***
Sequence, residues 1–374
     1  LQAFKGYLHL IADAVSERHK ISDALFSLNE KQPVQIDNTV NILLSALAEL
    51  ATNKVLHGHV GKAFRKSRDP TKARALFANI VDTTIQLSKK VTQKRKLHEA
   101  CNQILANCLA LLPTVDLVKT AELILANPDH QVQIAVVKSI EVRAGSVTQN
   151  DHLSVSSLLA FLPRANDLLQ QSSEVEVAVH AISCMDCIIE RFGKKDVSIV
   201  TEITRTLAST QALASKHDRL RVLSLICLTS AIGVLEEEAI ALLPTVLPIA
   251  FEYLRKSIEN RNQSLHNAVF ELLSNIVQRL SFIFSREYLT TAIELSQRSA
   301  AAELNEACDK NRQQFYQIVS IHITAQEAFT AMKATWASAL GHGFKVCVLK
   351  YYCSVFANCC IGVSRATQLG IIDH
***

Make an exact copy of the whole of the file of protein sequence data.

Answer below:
Sequence, residues 1–374
     1  LQAFKGYLHL IADAVSERHK ISDALFSLNE KQPVQIDNTV NILLSALAEL
    51  ATNKVLHGHV GKAFRKSRDP TKARALFANI VDTTIQLSKK VTQKRKLHEA
   101  CNQILANCLA LLPTVDLVKT AELILANPDH QVQIAVVKSI EVRAGSVTQN
   151  DHLSVSSLLA FLPRANDLLQ QSSEVEVAVH AISCMDCIIE RFGKKDVSIV
   201  TEITRTLAST QALASKHDRL RVLSLICLTS AIGVLEEEAI ALLPTVLPIA
   251  FEYLRKSIEN RNQSLHNAVF ELLSNIVQRL SFIFSREYLT TAIELSQRSA
   301  AAELNEACDK NRQQFYQIVS IHITAQEAFT AMKATWASAL GHGFKVCVLK
   351  YYCSVFANCC IGVSRATQLG IIDH